Menopause And Diet
Many women have found that special menopause diets can minimize the symptoms of menopause and make the change of life transition much easier and smoother. Menopause diets are a good alternative to prescribed medication and are good for those who worry about adverse side effects. Most all gynecologists recommend that women who are in their pre-menopause stages adopt a menopause diet and stay on it throughout the transition to reduce stress, reduce symptoms, and to ensure good health.
Black cohosh is one highly recommended herb to add to a menopause diet. Gynecologists urge that women begin using black cohosh for treatment of hot flashes. This herb is quite powerful and shouldn’t be used any longer than six months. If used any longer than this, although there is no exact effects determined, there could be unknown side effects.
Japanese women intake a greater amount of soy in their everyday diet, and they are only 30% as likely to complain of menopause symptoms as women in the United States and other parts of the world. Soy includes estrogen like substances that are often used in menopause diets to help with hot flashes. The best way to take soy is through soymilk or tofu.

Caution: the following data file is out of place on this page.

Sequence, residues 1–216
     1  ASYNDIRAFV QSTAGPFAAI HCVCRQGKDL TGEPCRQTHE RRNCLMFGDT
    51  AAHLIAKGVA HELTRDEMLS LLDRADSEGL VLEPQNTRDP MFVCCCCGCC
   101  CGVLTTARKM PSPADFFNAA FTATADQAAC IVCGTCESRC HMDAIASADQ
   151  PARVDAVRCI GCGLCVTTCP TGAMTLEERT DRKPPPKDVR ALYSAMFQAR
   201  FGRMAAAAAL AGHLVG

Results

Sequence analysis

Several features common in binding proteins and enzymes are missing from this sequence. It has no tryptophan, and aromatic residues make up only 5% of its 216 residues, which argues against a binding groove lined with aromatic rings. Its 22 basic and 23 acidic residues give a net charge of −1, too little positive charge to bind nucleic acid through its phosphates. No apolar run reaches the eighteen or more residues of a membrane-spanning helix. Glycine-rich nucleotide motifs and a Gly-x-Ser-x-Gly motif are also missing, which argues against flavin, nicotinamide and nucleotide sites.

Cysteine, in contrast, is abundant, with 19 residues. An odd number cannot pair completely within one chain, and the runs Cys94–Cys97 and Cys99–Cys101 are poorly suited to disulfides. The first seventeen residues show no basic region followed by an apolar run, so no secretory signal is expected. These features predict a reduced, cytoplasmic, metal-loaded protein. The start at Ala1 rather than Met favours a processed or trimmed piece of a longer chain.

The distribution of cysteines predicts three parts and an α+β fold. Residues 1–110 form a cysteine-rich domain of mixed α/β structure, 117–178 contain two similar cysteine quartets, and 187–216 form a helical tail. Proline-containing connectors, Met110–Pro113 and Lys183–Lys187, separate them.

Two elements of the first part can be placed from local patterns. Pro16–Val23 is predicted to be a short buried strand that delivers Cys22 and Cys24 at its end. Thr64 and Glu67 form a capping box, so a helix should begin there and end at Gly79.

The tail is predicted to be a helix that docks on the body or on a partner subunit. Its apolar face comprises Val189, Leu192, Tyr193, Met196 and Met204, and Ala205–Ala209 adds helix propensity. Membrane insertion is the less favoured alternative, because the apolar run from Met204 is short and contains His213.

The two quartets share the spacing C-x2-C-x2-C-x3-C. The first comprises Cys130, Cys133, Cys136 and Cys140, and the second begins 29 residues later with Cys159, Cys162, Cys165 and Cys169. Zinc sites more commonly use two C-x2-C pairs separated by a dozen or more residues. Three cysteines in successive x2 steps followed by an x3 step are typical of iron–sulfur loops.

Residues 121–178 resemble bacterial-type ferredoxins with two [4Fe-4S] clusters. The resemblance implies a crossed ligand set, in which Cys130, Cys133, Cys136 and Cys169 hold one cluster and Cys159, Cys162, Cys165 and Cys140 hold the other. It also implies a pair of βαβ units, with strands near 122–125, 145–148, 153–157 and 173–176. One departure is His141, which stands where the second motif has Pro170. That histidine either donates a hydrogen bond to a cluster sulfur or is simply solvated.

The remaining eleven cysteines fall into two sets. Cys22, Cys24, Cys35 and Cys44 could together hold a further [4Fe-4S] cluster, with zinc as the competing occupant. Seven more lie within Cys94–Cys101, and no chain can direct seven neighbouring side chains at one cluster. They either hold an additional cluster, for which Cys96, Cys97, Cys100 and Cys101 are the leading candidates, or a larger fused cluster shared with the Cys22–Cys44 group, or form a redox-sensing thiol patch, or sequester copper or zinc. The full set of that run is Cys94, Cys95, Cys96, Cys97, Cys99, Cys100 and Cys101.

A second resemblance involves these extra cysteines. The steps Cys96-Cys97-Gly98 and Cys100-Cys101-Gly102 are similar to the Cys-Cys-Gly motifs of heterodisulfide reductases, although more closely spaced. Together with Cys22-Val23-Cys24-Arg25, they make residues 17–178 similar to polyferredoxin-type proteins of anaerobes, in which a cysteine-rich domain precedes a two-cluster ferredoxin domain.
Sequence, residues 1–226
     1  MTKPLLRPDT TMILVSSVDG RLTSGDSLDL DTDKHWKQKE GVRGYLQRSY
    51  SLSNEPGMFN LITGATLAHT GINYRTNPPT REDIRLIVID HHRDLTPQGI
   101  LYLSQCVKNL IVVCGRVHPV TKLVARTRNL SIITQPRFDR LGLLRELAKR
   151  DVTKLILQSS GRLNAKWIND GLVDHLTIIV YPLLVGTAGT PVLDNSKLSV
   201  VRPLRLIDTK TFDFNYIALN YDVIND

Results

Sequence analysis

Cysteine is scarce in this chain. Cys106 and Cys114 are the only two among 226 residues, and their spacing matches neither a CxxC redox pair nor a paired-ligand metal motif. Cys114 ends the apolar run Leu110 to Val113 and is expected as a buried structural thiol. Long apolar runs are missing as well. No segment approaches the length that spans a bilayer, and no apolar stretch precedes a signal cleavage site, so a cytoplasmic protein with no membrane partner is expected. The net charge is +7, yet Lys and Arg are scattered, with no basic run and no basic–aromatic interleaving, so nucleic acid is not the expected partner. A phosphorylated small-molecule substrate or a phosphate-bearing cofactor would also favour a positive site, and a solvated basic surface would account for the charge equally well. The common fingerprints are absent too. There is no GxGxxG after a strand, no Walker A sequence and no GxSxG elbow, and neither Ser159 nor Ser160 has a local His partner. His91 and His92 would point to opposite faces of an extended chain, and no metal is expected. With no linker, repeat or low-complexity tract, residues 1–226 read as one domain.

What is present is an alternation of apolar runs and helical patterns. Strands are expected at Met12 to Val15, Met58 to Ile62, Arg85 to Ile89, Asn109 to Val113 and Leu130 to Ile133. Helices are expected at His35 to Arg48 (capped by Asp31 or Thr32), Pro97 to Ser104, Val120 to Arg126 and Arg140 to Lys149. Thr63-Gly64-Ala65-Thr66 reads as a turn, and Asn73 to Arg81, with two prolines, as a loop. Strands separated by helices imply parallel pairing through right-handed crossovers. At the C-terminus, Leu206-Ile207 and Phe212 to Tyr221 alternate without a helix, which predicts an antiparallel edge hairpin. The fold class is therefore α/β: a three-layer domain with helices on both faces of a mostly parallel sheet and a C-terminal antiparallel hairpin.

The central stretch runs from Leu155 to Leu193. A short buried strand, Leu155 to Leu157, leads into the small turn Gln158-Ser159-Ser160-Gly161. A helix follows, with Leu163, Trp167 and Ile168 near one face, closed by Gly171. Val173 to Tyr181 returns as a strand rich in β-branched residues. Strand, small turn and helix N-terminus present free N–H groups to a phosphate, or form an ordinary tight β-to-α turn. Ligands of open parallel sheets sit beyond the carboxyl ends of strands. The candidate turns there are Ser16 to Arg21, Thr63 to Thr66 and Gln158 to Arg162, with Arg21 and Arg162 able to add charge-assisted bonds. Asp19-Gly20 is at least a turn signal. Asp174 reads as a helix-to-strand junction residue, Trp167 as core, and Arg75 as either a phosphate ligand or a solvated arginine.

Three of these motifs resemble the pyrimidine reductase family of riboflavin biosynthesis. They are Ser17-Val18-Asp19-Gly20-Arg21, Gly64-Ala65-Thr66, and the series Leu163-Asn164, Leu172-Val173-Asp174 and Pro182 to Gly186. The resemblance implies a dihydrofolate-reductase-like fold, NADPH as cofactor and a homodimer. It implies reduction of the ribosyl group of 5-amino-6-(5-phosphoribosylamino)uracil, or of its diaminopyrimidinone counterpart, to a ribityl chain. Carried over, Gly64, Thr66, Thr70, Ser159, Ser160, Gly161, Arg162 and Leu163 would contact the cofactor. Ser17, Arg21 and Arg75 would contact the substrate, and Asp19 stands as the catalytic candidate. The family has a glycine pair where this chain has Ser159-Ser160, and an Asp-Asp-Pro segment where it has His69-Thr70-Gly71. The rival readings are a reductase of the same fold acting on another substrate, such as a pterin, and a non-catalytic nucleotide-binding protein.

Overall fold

There are some things that, unfortunately, are a large part of most everyone’s diet and are hard habits to break. However, these foods have adverse effects and can make menopause symptoms worse. Some of these are tea, alcohol, coffee, spicy food, soft drinks (with caffeine), and smoking. Try and keep high-calorie, sweet junk food to a minimum and eat as little of these as possible.
The main food experts recommend for menopause diets are fruits and vegetables, basically just eating healthy. Boost your intake of fruits such as melons, oranges, and lemons. Potassium, found in bananas, helps with women who retain water. Good vegetables are dark leafy vegetables like collard greens, spinach, cabbage, broccoli, peppers, and tomatoes. Regular fiber intake is also a healthy part of menopause dieting.
Instead of fried foods, try and stick to food that is broiled or baked. Instead of white bread and white rice eat more whole grains, like oats, rye bread, and brown rice. Try not to eat as many regular potatoes, but rather opt for sweet potatoes or pasta. Other good things to add to your everyday diet include, oily fish like mackerel or salmon, nuts, seeds, dried fruit, and unprocessed oils for cooking. Other foods that are not so conventional but are recommended are different types of seaweed (ask at your local health food store) like Nori, Kombu, Arame, and Wakame.
A well balanced, nutritious, healthy diet will help reduce symptoms and achieve optimum health in women. The key is to incorporate as many natural foods into your menopause diet as possible.